Muscle building is a huge challenge for women. Due to their low testosterone levels, women have to work way harder than men to build up. That being said, when we talk about muscles, we certainly do not refer to beefy bulky bodies, taking away all the attraction. Instead, we stress the importance of lean muscles that all women need to gain power and strength.
Building muscles and proper nutrition can help build a toned physique that acts as no less than a fat-burning machine. This is because muscles help burn calories. This equates to an increased metabolic rate which accelerates weight loss. Muscle building also fortifies your bones, leading to fluid movements and better life quality.
However, depending solely upon nutrition and heavy weight lifting wouldn’t cut it in the case of women, and supplementation can act as massive support. Muscle-building supplements are not just one of the most misconceived supplementations but are also super confusing for many. The flashy labels, sensationalized headlines, and misleading information on the internet have a huge role in this.
Contrary to the prevalent perception, supplements are a powdered blend of nutrients directly contributing to muscle building. They do not work by increasing the size of your muscles by inculcating power, leading to effective muscle build. Since women naturally have pretty low muscle mass-building capabilities, supplements can take them an extra mile. They help:
- Rebuild muscles
- Improve energy and focus
- Enhance workout performance
- Speed up weight loss
- Improve cognition
If your fitness goals align with the benefits mentioned above, then it's time to make the necessary shift towards supplementation. Quit gravitating towards cardio machines and start powering yourself with the multi-ingredient formula. This article highlights the top 10 muscle-building supplements for women that can help them scale-up:
One can't stress enough how important protein is for muscle building. Protein contains amino acids, which are the primary component required for muscles. It's essential to comprehend that one needs to consume more protein than breaking it down through natural processes.
Whey protein powders, casein, and soy protein all consist of amino acids in significant amounts to ideally fulfill your fitness objectives. Besides, the food sources such as lean meats, poultry, fish and seafood, and dairy products can also help you build leaner muscles mass.
Research suggests that people who add extra protein to their diet through supplements and protein-rich diets lead them to gain slightly more muscle than adding carbs.
If you are taking protein supplements to gain muscle, you might have been at a point where you wonder how much protein you should take per pound. In that case, it is recommended to take 0.5-0.9 grams of protein per pound. Bill Campbell explains in his video why protein is important for physique enhancement.
You must do proper research while purchasing a protein supplement. Whey Protein Powder by DMoose is a high-quality protein supplement that helps build muscles, enhances workout performance, and supports post-workout muscle recovery. It is gluten-free and does not contain hormones, soy, or fillers.
- Repairs tissues
- Good flavor
- Easy to mix with water
- May lead to a spike in blood sugar levels.
2. Weight Gainers
Weight gainers are supplements that are specifically used to gain muscles. They help you gain calories; therefore, they offer a perfect solution for people who find it tricky to gain muscle despite consuming many calories.
The high-calorie supplements provide 75-300 grams of carbs and 20-60 grams of protein per serving. The research concludes that physically inactive individuals witnessed a dramatic increase in muscle mass by consuming sufficient proteins.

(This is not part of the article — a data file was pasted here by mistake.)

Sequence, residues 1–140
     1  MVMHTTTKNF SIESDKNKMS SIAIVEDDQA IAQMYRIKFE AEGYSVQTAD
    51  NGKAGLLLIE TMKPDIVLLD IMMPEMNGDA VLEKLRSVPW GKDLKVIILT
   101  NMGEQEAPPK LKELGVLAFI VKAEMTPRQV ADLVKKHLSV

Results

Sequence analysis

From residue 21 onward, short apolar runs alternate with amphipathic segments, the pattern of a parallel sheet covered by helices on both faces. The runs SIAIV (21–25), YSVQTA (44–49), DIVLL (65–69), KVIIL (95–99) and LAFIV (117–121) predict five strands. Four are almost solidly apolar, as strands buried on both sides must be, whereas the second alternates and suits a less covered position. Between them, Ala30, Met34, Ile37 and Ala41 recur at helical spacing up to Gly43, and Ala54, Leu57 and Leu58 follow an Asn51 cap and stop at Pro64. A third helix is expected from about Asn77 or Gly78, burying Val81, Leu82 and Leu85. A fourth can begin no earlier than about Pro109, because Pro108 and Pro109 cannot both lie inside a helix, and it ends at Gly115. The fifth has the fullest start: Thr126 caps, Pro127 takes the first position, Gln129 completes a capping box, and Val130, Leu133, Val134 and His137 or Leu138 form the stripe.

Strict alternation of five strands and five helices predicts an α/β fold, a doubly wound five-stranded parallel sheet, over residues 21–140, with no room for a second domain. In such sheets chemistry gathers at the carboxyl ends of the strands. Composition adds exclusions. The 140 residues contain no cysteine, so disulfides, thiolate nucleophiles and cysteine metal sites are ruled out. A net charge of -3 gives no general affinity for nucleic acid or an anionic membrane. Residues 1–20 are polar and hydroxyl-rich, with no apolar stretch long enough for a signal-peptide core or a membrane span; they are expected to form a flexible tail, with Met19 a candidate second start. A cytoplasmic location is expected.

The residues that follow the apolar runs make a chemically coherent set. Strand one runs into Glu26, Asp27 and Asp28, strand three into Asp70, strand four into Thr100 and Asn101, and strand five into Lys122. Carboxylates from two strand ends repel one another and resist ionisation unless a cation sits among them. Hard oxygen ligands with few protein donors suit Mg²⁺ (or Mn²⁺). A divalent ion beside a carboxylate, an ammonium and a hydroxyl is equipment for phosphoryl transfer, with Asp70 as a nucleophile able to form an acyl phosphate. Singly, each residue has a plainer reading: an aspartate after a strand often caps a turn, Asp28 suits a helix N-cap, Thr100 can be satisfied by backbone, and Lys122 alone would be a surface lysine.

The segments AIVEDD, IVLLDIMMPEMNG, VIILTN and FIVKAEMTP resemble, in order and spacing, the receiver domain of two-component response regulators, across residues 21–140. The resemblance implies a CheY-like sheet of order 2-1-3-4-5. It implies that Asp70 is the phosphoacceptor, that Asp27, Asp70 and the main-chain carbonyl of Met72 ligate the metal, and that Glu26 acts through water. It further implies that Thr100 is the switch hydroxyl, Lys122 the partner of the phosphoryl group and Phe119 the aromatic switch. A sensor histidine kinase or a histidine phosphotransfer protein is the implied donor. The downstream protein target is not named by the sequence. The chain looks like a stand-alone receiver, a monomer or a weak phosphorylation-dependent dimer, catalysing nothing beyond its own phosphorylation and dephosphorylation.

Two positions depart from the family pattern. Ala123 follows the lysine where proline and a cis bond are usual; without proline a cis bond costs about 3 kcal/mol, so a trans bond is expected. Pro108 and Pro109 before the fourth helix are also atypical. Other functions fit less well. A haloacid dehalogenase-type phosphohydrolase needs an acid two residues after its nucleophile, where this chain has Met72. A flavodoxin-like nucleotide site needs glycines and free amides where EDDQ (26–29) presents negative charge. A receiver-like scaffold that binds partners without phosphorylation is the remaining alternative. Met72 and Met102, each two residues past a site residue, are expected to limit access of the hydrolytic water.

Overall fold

However, it's important to note that weight gainer supplements are only recommended if you struggle to eat enough food and find it easier to fulfill your body needs with drinks like shakes, etc.
- Boosts calorie intake
- Increases lean muscle mass
- May cause muscle cramps
- May cause liver problems for some individuals
Creatine is a molecule naturally produced by our bodies, providing energy to our muscles. With dietary supplements, you can increase the energy supply to the muscles up to 40% beyond the ordinary levels.
Creatine supplements help elevate your exercise performance, which leads to muscle gain. Creatine Powder by DMoose is one of the best supplements to enhance your speed and energy. A significant amount of research has proven that creatine supplements can exhibit a drastic improvement in muscle strength.
Creatine helps increase the water content in your muscles, making them swell, thereby stimulating muscle building in the body. Research has also shown that creatine supplements can decrease protein breakdown. Consequently, you can witness an improvement in muscle building.
- Highly safe and popular among fitness enthusiasts
- Improves muscle strength
- Decreases protein breakdown
- May cause bloating
- May lead to stomach discomfort
This is one of the best muscle-building supplements for women. It reduces fatigue by buffering lactic acid, which directly impacts gym performance.
Research showed that consuming 4 grams of beta-alanine for eight weeks can result in lean body mass in wrestlers. Another study mentioned that individuals following a six-week high-intensity interval training witnessed an increase of body mass by 1 pound after taking this supplement.
This female muscle-building supplement can act as great support for muscle gain. It manifests lean mass production by expanding the bloodstream, augmenting metabolism, and restoring.
Pre Workout Powder by DMoose contains 2000mg of Beta-Alanine. It delays your onset of fatigue, enhances muscle endurance, and augments athletic performance.
- Boosts metabolism
- Improves muscle recovery
- Can give prickling sensation
5. Nitrates and Nitric Oxide Boosters
Nitric oxide supplements optimize your gym performance and are pretty popular among athletes. The reason behind it is that nitric oxide is used in several cellular processes in our bodies. It widens the blood vessels, ensures efficient nutrient delivery for smooth muscle functioning, and enhances exercise performance.